04 Sep 2020 | 02.05 pm
Bumper Reward For Iconic Investors
Angel investors do well at Iconic Translation Machines
04 Sep 2020 | 02.05 pm
The principals and shareholders of DCU spinout Iconic Translation Machines have had a very pleasing outcome for their enterprise and risk-taking, with UK plc RWS Holdings acquiring the firm recently for $10m cash upfront, and a possible $10m in RWS shares to follow if Iconic meets earnout targets.
Iconic specialises in developing best-in-class neural machine translation solutions adapted for specific industries and blue-chip clients. RWS got to know the Dublin startup when its life sciences division called in Iconic to deliver NMT solutions for to RWS’s pharmaceutical clients.
Iconic was established in July 2013 and commenced trading in 2015. Founders John Tinsley (35) and Páraic Sheridan (52) talked Enterprise Ireland into investing €200,000, but only if the founders could round up matched funding. This they did, and those charter investors have turned out to be very fortunate.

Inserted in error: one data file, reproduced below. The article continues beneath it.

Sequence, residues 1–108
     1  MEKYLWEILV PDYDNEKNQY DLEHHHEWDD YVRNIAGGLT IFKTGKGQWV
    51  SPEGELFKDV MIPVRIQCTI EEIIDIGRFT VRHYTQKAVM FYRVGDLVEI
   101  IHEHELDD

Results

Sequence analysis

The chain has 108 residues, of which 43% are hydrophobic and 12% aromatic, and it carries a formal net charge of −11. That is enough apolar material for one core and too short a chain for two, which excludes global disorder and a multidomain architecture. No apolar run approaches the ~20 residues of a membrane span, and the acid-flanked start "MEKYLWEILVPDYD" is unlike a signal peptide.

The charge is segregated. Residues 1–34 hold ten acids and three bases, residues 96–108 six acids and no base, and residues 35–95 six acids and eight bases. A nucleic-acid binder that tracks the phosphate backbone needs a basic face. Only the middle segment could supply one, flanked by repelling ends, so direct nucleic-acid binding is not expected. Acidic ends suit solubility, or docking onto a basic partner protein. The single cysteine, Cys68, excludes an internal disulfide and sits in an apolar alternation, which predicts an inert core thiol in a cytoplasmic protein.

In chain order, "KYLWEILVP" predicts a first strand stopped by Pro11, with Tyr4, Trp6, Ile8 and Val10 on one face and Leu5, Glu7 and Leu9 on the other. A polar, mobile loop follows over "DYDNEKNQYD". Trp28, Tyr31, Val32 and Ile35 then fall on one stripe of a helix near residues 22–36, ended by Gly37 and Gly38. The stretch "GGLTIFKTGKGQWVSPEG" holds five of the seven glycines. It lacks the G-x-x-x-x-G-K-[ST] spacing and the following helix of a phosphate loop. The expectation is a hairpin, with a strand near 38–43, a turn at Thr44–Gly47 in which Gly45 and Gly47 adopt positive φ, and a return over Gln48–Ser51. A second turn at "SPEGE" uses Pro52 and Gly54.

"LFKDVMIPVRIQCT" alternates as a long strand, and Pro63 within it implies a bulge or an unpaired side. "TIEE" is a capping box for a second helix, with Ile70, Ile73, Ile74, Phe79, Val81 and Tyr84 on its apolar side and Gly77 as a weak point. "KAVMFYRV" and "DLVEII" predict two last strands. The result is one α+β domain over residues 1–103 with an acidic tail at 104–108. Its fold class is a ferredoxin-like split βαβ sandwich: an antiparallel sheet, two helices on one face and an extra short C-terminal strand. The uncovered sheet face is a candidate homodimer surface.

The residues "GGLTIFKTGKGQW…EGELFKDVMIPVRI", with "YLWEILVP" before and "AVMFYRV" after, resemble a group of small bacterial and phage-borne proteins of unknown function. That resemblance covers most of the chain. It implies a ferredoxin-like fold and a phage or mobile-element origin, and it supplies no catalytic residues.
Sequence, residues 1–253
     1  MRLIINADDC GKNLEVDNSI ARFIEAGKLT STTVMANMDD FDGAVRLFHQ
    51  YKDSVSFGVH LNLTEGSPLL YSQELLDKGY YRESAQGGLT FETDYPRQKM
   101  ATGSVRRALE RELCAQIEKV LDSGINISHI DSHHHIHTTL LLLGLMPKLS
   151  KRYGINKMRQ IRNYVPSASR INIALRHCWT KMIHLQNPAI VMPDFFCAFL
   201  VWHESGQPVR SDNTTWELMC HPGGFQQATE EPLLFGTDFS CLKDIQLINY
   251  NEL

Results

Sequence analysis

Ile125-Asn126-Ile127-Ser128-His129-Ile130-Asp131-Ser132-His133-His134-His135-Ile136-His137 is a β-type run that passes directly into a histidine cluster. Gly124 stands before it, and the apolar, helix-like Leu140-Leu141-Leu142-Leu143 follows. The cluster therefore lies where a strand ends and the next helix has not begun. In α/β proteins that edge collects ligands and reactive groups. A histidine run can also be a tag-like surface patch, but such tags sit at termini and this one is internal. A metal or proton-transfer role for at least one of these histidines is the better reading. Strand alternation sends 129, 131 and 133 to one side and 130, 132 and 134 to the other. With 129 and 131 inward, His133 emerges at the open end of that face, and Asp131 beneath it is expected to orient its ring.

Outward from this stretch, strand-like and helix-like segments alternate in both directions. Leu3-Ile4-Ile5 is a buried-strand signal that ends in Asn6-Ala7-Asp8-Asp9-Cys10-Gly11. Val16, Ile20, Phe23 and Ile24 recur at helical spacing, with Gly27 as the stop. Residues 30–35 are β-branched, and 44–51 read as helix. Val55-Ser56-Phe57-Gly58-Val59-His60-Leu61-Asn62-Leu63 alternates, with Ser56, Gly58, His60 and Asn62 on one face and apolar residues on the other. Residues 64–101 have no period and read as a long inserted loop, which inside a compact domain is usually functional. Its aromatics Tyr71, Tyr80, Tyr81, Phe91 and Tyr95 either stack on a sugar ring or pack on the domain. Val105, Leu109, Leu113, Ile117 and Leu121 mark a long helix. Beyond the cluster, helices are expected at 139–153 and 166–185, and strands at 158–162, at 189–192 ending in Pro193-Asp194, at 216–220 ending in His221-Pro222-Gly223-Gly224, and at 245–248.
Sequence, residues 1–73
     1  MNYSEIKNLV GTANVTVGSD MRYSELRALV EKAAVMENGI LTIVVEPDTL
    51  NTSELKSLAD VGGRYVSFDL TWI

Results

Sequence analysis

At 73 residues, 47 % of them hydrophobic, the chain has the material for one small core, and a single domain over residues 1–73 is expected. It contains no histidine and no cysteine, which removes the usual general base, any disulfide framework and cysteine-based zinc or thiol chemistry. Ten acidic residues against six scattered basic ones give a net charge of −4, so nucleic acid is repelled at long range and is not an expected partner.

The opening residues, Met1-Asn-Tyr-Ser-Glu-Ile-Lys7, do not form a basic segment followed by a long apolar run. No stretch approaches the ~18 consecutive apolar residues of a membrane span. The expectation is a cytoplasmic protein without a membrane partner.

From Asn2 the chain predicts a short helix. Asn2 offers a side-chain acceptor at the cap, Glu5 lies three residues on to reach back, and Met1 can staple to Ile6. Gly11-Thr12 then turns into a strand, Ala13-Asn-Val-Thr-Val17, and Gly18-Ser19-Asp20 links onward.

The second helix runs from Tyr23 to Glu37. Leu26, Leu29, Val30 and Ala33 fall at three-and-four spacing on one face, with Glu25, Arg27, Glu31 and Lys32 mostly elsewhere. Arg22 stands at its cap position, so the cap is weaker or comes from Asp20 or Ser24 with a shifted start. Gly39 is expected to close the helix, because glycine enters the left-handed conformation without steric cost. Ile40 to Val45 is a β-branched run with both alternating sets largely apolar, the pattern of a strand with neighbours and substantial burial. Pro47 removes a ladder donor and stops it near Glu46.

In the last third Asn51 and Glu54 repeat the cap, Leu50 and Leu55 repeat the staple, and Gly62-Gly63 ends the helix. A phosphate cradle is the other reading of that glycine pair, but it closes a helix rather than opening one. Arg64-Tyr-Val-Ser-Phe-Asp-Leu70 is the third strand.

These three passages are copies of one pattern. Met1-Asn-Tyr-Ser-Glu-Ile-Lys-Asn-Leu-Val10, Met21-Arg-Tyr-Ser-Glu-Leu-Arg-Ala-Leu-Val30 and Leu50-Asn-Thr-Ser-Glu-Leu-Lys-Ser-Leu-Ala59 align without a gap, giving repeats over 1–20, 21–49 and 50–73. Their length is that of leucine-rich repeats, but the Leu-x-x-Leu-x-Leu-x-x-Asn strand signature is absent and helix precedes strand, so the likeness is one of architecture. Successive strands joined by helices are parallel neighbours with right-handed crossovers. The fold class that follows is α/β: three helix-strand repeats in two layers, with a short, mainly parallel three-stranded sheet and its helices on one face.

The angel investors were sourced through Bloom Equity and the Boole Investment Syndicate through HBAN, the Halo Business Angel Network. In two allotments in 2015, €25,000 each was sourced from Anthony Bermingham, Shemas Eivers, Brian Clune, David Mee, John McWey, Patrick Garvey and Susan McCabe. Bruce Clibborn invested €10,000 and Diane Foley invested €30,000, and all those investments have multiplied by a factor of seven after the RWS cash payment.
There was one further cash call in July 2018, when Clune, Eivers, McCabe, Mee and Bermingham again invested €25,000 each. In that funding round, Patrick Garvey doubled down with €50,000 while McWey bought shares to the value of €10,000. These investments have grown by a factor of five, with more to come from the earnout, all going well.
Enterprise Ireland’s €200,000 investment bought the agency a 13.9% stake in Iconic in the form of redeemable cumulative preference shares. The company had the option of redeeming these shares on the fifth anniversary of the investment, March 2020, which is presumably what happened before the deal went down.
Presuming EI was redeemed, Tinsley (pictured) and Sheridan, who got their shares for free, each spoke for 29.6% of the equity. So they’ve done well, though they might wonder whether sourcing debt finance in 2018 might have been a better option that issuing fresh equity.
The RWS deal values the €185,000 worth of shares issued two years ago at €960,000 in cash now, and possibly the same again in RWS shares. According to RWS, Iconic doubled turnover in 2019 to $1.2m and operating profit was $23,000.